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Volume 11 of The New Encyclopedia of Southern Culture examines the economic culture of the South by pairing two categories that account for the ways many southerners have made their living. In the antebellum period, the wealth of southern whites came largely from agriculture that relied on the forced labor of enslaved blacks. After Reconstruction, the South became attractive to new industries lured by the region's ongoing commitment to low-wage labor and management-friendly economic policies. Throughout the volume, articles reflect the breadth and variety of southern life, paying particular attention to the region's profound economic transformation in recent decades. The agricultural section consists of 25 thematic entries that explore issues such as Native American agricultural practices, plantations, and sustainable agriculture. Thirty-eight shorter pieces cover key crops of the region--from tobacco to Christmas trees--as well as issues of historic and emerging interest--from insects and insecticides to migrant labor. The section on industry and commerce contains 13 thematic entries in which contributors address topics such as the economic impact of military bases, resistance to industrialization, and black business. Thirty-six topical entries explore particular industries, such as textiles, timber, automobiles, and banking, as well as individuals--including Henry W. Grady and Sam M. Walton--whose ideas and enterprises have helped shape the modern South.

Roaring Camp

Author: Susan Lee Johnson
Publisher: W. W. Norton & Company
ISBN: 9780393320992
Format: PDF, ePub, Docs
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Captures the multiethnic, multicultural world of the California Gold Rush, in a richly textured social history that profiles the era's diverse and colorful characters, the evolution of a unique society, and the sources of our legends and myths about the Gold Rush. Reprint.

Suburban Xanadu

Author: David Schwartz G
Publisher: Routledge
ISBN: 1136757414
Format: PDF, Docs
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First Published in 2003. Routledge is an imprint of Taylor & Francis, an informa company.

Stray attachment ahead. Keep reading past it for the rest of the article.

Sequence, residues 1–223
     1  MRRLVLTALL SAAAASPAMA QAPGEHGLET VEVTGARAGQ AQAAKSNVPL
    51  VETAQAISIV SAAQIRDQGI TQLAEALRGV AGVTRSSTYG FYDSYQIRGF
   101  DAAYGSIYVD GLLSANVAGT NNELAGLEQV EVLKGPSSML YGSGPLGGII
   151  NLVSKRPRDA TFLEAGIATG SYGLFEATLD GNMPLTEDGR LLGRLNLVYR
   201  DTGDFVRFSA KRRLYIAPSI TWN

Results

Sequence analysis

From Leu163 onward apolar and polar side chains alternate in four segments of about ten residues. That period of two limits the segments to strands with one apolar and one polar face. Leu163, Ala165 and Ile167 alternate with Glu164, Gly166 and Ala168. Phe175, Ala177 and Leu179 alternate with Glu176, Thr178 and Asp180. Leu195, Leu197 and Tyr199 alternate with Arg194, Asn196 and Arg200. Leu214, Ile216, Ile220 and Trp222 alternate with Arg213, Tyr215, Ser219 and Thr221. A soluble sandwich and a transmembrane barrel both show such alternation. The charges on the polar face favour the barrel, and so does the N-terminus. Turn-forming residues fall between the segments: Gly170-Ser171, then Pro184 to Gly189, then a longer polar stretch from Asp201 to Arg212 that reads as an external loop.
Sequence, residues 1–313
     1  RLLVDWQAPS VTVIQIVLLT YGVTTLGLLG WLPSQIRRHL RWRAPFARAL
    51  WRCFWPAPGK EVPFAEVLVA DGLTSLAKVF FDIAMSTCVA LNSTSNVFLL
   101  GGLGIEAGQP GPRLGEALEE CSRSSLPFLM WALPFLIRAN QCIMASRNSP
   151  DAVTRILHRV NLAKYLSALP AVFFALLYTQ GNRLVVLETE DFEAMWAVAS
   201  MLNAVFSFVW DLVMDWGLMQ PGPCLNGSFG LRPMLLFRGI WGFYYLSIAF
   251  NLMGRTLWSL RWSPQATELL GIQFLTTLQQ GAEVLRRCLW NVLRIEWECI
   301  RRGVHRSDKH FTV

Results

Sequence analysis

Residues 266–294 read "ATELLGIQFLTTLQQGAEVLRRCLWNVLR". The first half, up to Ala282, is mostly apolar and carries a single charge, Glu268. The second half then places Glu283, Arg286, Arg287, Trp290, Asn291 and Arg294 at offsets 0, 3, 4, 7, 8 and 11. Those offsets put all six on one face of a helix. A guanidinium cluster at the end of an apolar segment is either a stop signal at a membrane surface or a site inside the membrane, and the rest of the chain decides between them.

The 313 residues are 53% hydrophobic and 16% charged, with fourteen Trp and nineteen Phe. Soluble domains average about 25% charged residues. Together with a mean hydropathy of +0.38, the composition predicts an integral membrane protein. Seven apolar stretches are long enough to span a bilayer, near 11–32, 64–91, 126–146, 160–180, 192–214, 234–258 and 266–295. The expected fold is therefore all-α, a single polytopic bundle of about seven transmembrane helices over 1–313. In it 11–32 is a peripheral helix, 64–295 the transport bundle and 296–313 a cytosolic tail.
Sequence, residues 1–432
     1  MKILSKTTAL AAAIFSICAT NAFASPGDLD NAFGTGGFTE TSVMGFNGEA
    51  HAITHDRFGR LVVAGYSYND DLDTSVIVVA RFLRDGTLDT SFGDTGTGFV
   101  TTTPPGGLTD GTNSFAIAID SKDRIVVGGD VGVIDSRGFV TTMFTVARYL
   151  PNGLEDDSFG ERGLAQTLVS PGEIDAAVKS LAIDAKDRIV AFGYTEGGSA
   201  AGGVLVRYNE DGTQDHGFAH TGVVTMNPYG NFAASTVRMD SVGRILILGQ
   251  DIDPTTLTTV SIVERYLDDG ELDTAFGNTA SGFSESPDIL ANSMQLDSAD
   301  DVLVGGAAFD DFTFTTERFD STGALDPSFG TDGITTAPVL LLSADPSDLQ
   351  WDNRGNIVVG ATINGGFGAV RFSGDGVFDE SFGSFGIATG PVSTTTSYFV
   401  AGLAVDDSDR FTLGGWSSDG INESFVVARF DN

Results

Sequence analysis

Remaking Respectability

Author: Victoria W. Wolcott
Publisher: UNC Press Books
ISBN: 1469611007
Format: PDF, ePub, Mobi
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In the early decades of the twentieth century, tens of thousands of African Americans arrived at Detroit's Michigan Central Station, part of the Great Migration of blacks who left the South seeking improved economic and political conditions in the urban North. The most visible of these migrants have been the male industrial workers who labored on the city's automobile assembly lines. African American women have largely been absent from traditional narratives of the Great Migration because they were excluded from industrial work. By placing these women at the center of her study, Victoria Wolcott reveals their vital role in shaping life in interwar Detroit. Wolcott takes us into the speakeasies, settlement houses, blues clubs, storefront churches, employment bureaus, and training centers of Prohibition- and depression-era Detroit. There, she explores the wide range of black women's experiences, focusing particularly on the interactions between working- and middle-class women. As Detroit's black population grew exponentially, women not only served as models of bourgeois respectability, but also began to reshape traditional standards of deportment in response to the new realities of their lives. In so doing, Wolcott says, they helped transform black politics and culture. Eventually, as the depression arrived, female respectability as a central symbol of reform was supplanted by a more strident working-class activism.